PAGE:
"Memory wound", proposed by Swedish artist Jonas Dahlberg, won the design competition for the memorial at the end of last month, winning over the judges with its bold idea of cutting a three-and-a-half-metre slice through the Sørbråten peninsular which juts out towards Utøya.
In the arresting conceptual images Dahlberg submitted, the exposed surfaces of the slice are polished to a marble-like sheen, the names of the dead carved on the far side.
But the geologist Hans Erik Foss Amundsen believes that the soft sandstone rock out of which Sørbråten is made will make it impossible for Dahlberg to realise his idea.
"To create this monument would be like cutting through a mound of soft gravel," he told The Local. "The monument might crumble immediately."
Images of "Memory wound" were reproduced in newspapers and websites across the world, with the bold idea of creating a "permanent scar" on the landscape generally commended internationally.
But locals living near Utøya last month launched a campaign to block the memorial, attacking it as a "rape of the landscape", while the parents of one of the dead said they did not want their daughter's name on the memorial and had never been asked about it.
Jørn Mortensen, head of the art selection committee, said that Dahlberg and Koro were aware of the geological challenges.
"The artist Jonas Dahlberg submitted as part of his proposal a solid analysis of the geological conditions," he told The Local. "The porous condition of the rocks is therefore of no surprise. As a consequence Dahlberg proposed alternative surfaces for the cut, and suggested also the expenses of this in his budget."
Mortensen conceded that apart from the landowner, locals had not been consulted on the design, but stressed that he had held meetings with both the official support group for bereaved families and the Labour Party youth organisation, and that both of these organisations had had representatives on the jury.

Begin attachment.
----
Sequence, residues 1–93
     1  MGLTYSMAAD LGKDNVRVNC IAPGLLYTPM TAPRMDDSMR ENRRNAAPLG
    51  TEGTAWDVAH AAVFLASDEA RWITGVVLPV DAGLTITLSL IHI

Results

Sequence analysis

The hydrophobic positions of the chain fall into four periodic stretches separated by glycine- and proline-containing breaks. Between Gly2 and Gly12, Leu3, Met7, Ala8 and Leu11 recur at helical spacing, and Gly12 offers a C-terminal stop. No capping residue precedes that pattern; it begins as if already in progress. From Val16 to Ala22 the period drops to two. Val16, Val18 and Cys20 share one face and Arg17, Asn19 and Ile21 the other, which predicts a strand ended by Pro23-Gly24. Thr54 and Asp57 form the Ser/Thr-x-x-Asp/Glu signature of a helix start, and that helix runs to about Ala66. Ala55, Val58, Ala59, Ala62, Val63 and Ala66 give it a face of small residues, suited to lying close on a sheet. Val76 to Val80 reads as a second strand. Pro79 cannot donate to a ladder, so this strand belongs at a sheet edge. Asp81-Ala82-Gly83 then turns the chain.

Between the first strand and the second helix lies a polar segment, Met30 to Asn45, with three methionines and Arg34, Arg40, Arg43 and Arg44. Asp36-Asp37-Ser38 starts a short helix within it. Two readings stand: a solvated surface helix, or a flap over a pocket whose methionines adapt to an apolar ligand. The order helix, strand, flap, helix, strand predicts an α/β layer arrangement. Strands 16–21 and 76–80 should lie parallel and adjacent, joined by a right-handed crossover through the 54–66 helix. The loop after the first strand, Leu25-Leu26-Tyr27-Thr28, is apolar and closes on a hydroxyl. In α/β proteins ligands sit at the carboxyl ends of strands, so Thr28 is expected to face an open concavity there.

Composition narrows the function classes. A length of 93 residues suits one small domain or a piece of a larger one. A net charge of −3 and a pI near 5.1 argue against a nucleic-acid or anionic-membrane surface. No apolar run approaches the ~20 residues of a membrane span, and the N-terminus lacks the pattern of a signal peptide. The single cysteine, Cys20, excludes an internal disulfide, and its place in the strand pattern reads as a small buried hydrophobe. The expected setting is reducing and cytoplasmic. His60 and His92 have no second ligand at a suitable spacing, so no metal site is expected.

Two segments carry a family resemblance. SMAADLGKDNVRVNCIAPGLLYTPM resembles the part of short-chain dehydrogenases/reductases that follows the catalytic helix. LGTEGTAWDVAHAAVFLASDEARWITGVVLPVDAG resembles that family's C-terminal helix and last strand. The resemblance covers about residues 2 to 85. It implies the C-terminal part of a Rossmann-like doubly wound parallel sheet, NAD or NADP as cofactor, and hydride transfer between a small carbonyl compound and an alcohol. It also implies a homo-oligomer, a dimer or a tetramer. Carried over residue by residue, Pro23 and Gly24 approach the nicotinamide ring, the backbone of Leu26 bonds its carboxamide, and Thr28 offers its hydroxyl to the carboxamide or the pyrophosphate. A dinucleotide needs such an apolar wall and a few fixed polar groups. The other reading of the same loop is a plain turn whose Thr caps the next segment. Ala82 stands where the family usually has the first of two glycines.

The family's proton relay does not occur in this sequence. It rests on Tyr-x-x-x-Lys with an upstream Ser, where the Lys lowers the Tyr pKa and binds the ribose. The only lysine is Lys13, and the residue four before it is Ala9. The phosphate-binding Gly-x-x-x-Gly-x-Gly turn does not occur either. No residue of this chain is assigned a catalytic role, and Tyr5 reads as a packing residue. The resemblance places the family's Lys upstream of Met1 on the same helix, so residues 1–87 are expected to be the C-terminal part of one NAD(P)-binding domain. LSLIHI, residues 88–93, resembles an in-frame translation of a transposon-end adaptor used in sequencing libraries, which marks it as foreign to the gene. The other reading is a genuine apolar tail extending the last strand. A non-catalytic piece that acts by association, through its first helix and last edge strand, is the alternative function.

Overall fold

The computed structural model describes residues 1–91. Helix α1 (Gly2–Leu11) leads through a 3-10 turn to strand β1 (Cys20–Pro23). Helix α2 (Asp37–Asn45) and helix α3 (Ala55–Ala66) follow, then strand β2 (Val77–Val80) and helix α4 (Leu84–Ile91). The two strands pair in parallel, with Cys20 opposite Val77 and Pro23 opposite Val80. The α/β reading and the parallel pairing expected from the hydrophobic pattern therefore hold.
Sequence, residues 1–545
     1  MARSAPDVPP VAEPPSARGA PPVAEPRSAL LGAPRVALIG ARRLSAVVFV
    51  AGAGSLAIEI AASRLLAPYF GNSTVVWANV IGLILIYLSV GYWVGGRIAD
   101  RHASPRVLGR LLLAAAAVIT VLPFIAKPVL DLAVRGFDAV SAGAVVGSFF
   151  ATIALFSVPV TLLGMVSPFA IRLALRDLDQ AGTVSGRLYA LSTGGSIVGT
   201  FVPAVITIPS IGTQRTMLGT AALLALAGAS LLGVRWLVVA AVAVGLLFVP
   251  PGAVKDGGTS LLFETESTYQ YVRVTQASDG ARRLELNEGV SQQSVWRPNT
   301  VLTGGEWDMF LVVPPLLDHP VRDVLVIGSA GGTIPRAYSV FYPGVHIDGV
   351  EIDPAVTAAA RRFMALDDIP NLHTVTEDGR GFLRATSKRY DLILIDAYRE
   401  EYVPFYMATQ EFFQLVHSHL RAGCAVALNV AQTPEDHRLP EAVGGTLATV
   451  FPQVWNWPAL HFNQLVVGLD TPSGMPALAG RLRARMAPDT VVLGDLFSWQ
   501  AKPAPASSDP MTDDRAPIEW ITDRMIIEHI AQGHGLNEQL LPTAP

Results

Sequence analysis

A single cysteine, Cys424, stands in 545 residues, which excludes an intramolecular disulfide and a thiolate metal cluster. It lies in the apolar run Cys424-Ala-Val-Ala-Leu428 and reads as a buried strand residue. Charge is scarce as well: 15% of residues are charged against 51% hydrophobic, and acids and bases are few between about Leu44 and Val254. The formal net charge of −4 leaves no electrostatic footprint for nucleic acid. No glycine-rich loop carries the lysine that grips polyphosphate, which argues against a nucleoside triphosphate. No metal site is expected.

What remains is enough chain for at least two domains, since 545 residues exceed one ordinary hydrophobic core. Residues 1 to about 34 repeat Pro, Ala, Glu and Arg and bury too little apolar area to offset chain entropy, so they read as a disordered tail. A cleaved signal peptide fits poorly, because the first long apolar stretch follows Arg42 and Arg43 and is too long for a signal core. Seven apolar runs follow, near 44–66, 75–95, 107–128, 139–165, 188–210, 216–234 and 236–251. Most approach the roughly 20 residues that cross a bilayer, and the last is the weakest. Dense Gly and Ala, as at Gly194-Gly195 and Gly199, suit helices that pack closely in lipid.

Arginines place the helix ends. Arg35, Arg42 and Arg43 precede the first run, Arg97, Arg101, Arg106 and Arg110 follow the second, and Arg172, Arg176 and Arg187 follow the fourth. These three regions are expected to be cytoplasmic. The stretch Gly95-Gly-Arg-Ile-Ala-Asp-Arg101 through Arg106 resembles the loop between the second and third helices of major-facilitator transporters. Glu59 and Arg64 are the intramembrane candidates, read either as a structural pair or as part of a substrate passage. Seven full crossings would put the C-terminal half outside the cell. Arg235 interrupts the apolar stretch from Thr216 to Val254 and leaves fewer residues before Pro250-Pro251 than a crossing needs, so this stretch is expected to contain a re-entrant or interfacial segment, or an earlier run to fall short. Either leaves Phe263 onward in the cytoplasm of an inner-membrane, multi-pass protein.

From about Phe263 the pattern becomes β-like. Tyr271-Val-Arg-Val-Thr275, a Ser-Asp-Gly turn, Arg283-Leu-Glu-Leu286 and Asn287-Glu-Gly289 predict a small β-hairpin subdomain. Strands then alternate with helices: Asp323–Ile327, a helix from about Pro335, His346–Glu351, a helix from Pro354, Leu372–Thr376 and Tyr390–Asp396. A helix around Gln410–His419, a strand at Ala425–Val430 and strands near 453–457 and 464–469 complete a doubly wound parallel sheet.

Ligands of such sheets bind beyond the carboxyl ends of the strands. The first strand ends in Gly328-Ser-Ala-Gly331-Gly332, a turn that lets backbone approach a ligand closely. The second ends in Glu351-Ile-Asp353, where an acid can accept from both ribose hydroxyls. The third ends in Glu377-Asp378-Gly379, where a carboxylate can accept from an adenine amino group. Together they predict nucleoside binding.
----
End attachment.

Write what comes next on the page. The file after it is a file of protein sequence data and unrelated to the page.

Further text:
"I did expect reactions," he said. "In general because that is normal with public commissions and specifically because the design is brave and responds to the radical violence that took place on Utoya in a very concrete symbolic and aesthetic way."
Amundsen said he could not see how the problem posed by the geology could be overcome without enormous cost.
"It's extremely difficult to make what they want to make," he told The Local. "Once you manage to make a flat surface, you can attempt to impregnate this entire hillside with some kind of epoxy, seal it off and harden it, but if you don't manage to seal off all of the fractures it will freeze in winter, expand and crumble. They risk having to remake it every spring."
He said that he had realised the issue as soon as he'd seen the designs.
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"I reacted when I saw the first artistic drawings in an internet article, and knowing a bit about the geology, I thought this was not possible," he said. "The entire society of geologists are rolling their eyes. You don't have to have a PHD in geology to know that this won't work."
"What's remarkable is that they've chosen the concept without any understanding of the geology. It's extremely poor homework to put it mildly."
Dahlberg plans to begin excavating the site before the summer, and the aim is for the memorial to be completed by 22 July 2015.
The far-right extremist Anders Breivik unleashed a gun massacre at a Labour party youth camp on the island on 22 July 2011, leading to the deaths of 69 people, most from gun wounds and the rest from drowning as they tried to escape the killer. A further eight people were killed in a bomb Breivik detonated at the government quarters in Oslo.